Of course not all of these discomforts are directly the fault of the service. The temperature problem is due to poor design of the building's ventilation. The fact that a child cannot pass the time between classes by going out an climbing a tree is primarily the fault of pink dresse and stockings. Being hungry and having to go to the bathroom during the service are the results of the fact that children rarely plan more than a few minutes in advance.
These minor difficulties, however, are exacerbated by the one fatal obstacle to a child's enjoyment of the church service: Three hours is just too long a time for a small child to sit still and be "reverent." Reverence may be an important virtue, but it is a quality that is anything but childlike. I don't have to tell you that a child's attention span is very, very short, and that fact makes sacrament meeting particuarly painful. The length of time that a child will want to attend talks that it doesn't understand is somewhere between one and two seconds. The rest of sacrament meeting might as well be the eternity in hell that they are being trained to avoid.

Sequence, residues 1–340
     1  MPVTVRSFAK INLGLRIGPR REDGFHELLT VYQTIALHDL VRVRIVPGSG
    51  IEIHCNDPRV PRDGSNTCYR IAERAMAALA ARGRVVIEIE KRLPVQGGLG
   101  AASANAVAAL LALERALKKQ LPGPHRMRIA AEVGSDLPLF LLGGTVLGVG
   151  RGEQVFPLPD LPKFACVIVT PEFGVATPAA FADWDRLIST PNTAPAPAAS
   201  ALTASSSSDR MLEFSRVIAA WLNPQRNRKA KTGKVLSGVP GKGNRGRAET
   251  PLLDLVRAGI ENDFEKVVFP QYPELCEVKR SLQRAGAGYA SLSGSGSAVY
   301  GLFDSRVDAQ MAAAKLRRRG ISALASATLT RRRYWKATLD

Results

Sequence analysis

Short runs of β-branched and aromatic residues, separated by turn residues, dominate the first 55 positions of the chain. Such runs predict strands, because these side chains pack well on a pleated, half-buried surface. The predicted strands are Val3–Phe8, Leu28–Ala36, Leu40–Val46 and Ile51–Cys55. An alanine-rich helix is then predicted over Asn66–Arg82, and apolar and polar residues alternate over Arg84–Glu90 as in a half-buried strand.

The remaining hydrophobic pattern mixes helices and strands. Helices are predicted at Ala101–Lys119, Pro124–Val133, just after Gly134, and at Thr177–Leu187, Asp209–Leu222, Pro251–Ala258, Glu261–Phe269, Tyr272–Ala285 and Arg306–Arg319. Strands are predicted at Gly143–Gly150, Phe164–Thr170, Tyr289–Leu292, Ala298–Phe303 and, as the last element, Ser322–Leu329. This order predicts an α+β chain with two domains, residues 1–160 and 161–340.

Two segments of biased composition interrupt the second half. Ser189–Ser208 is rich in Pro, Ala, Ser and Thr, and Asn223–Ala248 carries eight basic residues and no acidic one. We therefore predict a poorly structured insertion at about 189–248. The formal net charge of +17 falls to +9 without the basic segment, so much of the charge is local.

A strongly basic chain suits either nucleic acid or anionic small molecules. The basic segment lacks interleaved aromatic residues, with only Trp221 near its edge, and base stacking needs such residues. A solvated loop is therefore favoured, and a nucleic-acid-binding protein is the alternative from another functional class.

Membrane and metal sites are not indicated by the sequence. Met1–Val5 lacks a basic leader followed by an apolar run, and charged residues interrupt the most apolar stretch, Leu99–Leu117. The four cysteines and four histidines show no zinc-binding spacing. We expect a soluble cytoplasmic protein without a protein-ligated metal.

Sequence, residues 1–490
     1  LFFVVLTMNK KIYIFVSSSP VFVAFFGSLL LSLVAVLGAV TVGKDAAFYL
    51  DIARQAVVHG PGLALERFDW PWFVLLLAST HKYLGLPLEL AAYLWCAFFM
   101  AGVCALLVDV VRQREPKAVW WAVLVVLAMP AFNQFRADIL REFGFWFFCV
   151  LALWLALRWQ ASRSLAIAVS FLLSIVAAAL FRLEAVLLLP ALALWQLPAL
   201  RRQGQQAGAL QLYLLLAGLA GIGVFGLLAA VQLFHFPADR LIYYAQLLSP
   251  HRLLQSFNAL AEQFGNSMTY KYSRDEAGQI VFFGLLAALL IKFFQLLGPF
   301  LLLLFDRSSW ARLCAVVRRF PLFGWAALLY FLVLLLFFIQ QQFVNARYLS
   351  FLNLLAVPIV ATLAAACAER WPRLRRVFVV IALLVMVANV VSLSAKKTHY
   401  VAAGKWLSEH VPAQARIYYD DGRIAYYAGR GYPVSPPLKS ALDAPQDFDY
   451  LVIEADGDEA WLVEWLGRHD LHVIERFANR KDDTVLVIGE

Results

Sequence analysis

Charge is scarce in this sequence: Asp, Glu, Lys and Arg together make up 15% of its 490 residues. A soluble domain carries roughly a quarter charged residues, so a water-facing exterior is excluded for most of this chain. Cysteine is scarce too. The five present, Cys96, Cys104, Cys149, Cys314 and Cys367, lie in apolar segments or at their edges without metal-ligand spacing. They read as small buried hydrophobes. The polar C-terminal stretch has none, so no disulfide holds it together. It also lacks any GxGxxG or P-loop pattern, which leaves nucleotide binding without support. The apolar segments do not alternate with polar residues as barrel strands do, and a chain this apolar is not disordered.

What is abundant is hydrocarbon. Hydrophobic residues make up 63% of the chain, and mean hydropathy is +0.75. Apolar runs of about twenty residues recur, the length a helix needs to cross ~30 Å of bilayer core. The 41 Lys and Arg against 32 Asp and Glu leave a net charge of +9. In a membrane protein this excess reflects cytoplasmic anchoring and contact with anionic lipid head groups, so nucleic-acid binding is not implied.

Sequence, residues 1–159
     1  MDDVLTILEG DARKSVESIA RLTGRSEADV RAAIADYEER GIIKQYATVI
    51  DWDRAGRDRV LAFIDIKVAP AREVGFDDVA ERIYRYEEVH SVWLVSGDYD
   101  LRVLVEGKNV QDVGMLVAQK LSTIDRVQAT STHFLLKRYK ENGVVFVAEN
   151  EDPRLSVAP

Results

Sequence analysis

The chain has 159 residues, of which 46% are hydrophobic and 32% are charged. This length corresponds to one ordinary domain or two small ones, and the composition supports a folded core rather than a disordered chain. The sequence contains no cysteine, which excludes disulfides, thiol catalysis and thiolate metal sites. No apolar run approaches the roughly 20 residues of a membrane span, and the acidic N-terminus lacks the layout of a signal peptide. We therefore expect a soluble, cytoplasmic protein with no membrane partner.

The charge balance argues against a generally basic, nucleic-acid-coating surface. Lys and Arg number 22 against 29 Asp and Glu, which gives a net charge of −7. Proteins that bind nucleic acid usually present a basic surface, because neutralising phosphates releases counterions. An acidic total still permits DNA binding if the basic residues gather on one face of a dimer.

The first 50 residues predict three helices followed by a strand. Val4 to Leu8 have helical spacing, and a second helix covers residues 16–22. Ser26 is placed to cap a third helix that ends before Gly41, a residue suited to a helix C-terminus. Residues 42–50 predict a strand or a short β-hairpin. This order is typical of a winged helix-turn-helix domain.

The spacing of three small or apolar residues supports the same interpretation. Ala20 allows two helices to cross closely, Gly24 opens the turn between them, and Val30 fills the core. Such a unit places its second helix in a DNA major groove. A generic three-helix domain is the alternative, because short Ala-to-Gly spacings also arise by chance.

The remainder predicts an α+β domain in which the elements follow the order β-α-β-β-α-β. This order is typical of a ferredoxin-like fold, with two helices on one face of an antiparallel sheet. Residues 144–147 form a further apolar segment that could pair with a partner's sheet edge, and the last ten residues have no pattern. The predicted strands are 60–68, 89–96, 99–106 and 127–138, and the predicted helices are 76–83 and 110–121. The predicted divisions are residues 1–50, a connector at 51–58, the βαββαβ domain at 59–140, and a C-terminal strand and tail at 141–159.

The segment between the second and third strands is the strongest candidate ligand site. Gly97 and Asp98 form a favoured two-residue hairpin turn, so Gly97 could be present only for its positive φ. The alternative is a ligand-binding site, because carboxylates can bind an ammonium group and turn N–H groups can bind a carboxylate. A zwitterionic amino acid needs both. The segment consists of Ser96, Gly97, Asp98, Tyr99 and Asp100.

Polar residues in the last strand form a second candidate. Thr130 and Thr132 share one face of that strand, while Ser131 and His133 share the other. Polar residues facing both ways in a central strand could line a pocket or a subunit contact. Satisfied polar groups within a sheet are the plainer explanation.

The fun doesn't end with sacrament meeting though. The littlest children are gathered into a small room filled with other screaming children and maybe a few ancient, filthy toys. (They may not have to sit still and be quiet, but this sort of confinement is the closest 2-year-olds come to doing so.) Their older siblings in primary don't have it much better. Inspiring primary teachers are few and far between, and inspiring primary lesson manuals don't exist. I personally contributed to this problem when I taught primary last Summer. I managed to be a bit subversive, however, by secretly encouraging the children to interact with each other and play during singing time instead of setting an example of reverence. Perhaps because I don't have any children of my own I identify more with the restrained primary children than with their exasperated parents, but the way I see it, the parents have dug their own graves by bringing their children to something they know their children will hate.